Has the Full Court Artificially Rejected AI Inventorship?
In Commissioner of Patents v Thaler 2022 FCAFC 62 a full bench of the Full Court allowed the Commissioner’s appeal and held that an artificial intelligence system or machine cannot be named as an inventor for a patent.
Dr Thaler created an artificial intelligence system which he called DABUS, being the acronym of ‘Device for Autonomous Bootstrapping of Unified Sentience’. DABUS is capable of autonomously creating product designs. Dr Thaler filed a couple of PCT International phase applications from two such product designs naming himself as the applicant and DABUS as the inventor. Various PCT national phase entries and a European regional phase entry were made from those International phase applications. In each of those jurisdictions so far only the South African patent office has allowed DABUS to remain as the inventor. However, that was on account of South African patent applications not being subject to substantive examination. Since the inventor named in the South African national phase entry matched the inventor named in the PCT International phase application no formality objection arose. All the other patent offices that have examined the applications raised objections that DABUS does not qualify as an inventor on account of not being a natural person. With the exception of the Australian Federal Court’s decision all other patent office tribunal and Court appeals from those examination objections have been rejected.
In the Australian Federal Court decision Justice Beach found there was nothing in the Patents Act 1990 which excluded a non-human artificial device or system from being an inventor. It was further found that as the word “inventor” is not defined in the Act or Regulations it has its ordinary meaning. The primary Judge found the word “inventor” to be an instance of an agent noun, being a verb having the suffix “or” or “er”, thereby indicating that the noun (inventor) describes the agent that does the act (invent). The primary Judge then gave the following examples of other agent nouns where the agent can be a human or a device or system: “computer”, “controller”, “regulator”, “distributor”, “collector”, “lawnmower” and “dishwasher”. In accordance with being an agent noun the word “inventor” can validly be used to describe an artificial intelligence system that invents. The primary Judge went on to consider it apt that the concept ” inventor” should be construed in a flexible and evolutionary way, like has occurred with the concept of “manner of manufacture”. It was also considered that such an interpretation is consistent with the Act’s object of promoting economic wellbeing through technological innovation. Consequently, the primary Judge held that the Deputy Commissioner erred in concluding that the name provided did not comply with the requirements of regulation 3.2C(2)(aa) because it was a legal impossibility for an artificial intelligence machine to be the inventor of an invention.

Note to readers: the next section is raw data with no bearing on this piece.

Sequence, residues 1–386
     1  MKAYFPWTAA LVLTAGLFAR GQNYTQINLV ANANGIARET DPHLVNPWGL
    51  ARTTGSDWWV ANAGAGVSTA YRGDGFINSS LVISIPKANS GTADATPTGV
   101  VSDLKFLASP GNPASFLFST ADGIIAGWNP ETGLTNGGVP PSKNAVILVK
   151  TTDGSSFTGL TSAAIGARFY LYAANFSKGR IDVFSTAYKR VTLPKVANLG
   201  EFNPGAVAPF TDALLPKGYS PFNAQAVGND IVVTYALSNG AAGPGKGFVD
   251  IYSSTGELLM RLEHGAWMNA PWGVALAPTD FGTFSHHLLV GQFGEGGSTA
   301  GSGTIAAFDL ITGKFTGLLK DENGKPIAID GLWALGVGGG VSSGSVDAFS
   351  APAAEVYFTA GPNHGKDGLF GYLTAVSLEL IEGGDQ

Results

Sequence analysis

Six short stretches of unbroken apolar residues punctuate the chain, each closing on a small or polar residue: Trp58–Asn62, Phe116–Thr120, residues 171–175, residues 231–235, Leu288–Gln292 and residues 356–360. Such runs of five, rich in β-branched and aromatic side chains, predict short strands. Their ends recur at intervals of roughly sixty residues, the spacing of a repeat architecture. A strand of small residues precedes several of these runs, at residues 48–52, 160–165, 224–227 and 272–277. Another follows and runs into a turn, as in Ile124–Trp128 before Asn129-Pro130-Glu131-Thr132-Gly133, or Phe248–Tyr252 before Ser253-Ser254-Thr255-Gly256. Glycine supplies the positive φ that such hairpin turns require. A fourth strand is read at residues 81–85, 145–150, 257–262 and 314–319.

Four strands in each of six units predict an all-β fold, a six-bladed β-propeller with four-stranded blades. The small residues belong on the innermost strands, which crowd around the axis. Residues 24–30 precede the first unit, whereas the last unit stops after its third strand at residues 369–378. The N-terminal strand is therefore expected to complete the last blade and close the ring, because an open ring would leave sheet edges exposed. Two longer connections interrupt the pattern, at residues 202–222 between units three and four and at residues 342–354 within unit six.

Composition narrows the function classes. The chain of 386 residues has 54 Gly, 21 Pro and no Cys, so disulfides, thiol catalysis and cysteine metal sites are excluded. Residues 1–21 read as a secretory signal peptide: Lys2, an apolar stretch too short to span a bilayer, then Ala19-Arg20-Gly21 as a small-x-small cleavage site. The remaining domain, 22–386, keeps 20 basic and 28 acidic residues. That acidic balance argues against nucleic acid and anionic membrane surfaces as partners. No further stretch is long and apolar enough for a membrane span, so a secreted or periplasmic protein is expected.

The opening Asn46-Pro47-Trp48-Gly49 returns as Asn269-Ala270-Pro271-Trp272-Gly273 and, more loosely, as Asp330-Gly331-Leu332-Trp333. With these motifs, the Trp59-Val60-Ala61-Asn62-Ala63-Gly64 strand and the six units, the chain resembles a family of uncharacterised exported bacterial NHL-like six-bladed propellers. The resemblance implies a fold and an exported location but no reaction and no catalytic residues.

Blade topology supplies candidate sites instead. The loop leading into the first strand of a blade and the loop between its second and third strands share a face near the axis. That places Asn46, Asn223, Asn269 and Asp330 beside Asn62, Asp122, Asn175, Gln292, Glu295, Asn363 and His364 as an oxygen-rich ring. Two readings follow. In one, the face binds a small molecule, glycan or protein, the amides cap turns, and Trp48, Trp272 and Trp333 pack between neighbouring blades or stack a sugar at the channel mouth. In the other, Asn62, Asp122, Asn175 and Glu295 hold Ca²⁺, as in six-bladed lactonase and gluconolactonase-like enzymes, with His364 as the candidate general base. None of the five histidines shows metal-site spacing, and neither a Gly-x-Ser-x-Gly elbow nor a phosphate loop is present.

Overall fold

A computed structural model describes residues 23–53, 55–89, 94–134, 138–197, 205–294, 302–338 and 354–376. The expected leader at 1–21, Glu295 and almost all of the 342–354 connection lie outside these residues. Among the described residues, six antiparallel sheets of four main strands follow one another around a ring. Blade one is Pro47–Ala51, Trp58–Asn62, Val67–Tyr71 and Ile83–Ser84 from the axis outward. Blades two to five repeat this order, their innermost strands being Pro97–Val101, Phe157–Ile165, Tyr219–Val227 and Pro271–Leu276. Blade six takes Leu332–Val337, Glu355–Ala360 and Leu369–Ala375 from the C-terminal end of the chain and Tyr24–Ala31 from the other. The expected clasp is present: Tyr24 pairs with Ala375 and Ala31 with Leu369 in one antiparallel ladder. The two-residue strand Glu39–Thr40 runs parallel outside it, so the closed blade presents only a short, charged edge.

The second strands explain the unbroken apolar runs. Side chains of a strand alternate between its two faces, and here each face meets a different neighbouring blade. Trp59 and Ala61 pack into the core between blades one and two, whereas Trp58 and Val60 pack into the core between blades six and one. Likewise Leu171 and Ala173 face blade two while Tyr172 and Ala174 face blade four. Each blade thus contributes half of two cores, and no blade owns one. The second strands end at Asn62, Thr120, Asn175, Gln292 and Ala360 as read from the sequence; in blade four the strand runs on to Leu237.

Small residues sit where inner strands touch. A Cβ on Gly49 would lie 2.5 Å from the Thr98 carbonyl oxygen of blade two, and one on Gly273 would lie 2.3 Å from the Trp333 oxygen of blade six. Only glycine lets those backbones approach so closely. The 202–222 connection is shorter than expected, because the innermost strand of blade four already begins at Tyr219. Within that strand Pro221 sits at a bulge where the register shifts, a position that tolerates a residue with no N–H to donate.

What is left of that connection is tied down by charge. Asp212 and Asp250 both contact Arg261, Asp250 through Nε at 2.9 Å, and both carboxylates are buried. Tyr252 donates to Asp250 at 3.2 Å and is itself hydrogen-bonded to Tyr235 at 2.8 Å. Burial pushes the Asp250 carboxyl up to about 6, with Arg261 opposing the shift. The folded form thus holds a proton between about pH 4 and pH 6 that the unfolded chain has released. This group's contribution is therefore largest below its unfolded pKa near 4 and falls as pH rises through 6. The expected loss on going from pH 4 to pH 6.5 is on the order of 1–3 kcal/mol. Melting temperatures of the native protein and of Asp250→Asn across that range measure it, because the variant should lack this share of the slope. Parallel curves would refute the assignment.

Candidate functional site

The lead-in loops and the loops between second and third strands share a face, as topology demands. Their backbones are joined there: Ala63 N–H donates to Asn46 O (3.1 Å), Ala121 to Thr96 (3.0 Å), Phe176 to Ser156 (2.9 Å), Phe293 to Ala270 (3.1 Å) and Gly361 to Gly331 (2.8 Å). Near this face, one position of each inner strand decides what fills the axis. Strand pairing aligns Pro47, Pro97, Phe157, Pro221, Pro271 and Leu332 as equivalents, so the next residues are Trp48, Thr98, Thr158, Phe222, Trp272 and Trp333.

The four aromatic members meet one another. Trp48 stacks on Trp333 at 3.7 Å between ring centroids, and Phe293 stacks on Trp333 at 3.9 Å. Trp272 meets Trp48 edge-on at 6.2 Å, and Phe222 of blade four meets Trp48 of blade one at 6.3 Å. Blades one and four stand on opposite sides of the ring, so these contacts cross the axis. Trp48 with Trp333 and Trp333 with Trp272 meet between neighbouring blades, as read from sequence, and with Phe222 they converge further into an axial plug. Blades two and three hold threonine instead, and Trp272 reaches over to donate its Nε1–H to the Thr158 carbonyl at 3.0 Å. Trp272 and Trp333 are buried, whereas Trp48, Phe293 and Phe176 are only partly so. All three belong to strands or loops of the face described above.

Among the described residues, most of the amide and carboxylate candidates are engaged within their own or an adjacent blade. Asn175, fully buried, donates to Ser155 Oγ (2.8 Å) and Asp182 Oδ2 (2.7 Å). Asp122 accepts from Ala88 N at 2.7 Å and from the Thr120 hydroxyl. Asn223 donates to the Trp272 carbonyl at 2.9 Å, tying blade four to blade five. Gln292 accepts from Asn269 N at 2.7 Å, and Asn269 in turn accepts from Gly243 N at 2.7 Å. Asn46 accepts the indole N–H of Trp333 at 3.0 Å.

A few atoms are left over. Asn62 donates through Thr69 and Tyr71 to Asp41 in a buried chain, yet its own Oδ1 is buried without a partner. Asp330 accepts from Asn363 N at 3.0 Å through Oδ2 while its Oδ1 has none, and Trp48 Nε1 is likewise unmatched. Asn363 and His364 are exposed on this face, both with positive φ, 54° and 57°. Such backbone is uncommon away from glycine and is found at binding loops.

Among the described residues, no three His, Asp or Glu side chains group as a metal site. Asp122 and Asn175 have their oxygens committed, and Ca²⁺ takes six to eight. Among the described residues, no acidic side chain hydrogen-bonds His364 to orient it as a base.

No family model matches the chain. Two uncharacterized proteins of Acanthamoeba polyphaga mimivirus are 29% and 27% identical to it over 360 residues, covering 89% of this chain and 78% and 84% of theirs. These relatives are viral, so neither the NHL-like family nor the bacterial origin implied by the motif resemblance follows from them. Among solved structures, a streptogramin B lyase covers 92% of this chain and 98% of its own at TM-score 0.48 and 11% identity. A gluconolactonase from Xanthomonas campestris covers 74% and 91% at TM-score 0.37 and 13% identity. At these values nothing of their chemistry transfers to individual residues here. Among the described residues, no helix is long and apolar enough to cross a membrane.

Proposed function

The Full Court considered the section 15 entitlement provision to be central to the issue of who or what can qualify as an inventor. Section 15(1) states:
15 Who may be granted a patent?
(1) Subject to this Act, a patent for an invention may only be granted to a person who:
(a) is the inventor; or
(b) would, on the grant of a patent for the invention, be entitled to have the patent assigned to the person; or
(c) derives title to the invention from the inventor or a person mentioned in paragraph (b); or
(d) is the legal representative of a deceased person mentioned in paragraph (a), (b) or (c).
After giving a historical overview of the role of the inventor in entitlement the Full Court noted that the Explanatory Memorandum to the Patents Bill 1989 stated the effect of section 15 as follows:
Broadly, a patent may be granted only to the inventor of the invention concerned or to a person deriving rights from the inventor.
Whereas the primary Judge considered 15(1)(a)-(d) to be alternatives, the Full Court considered that 15(1)(b)-(d) need to be understood as involving parties having a legal relationship to the person mentioned in 15(1)(a). Thaler claims entitlement from DABUS’s invention via section 15(1)(c). However, the Full Court considered that the word “inventor” in section 15(1)(c) only refers to the inventor mentioned in section 15(1)(a), thereby precluding DABUS from being the inventor mentioned in section 15(1)(c). The Full Court found its construction created no inconsistencies with other provisions in the Act that use the term “inventor” or any other provisions. The Full Court found corroboration for its construction in the High Court’s decision in D’Arcy v Myriad Genetics Inc  HCA 35, which at  stated:
As appears from s 6 of the Statute of Monopolies, an invention is something which involves “making”. It must reside in something. It may be a product. It may be a process. It may be an outcome which can be characterised, in the language of NRDC, as an “artificially created state of affairs”. Whatever it is, it must be something brought about by human action.
As noted therein that references the High Court’s pronouncement in National Resource Development Corporation v Commissioner of Patents  HCA 67 that a manner of new manufacture bring about an artificially created state of affairs. The Full Court considered that in both cases there was an assumption that human agency was required in the development of the invention in suit. Yet that corroboration seems weak or begs the question. As DABUS has shown, making an invention does not require human action for the thing made to be an artificially created state of affairs. By appealing to coherence with the historical understanding of the word "inventor" the Full Court somewhat begs the question and does not adequately respond to the trial Judge's contentions that ”inventor” is an agent noun that should be construed in a flexible and evolutionary way.
Author: Quinn Miller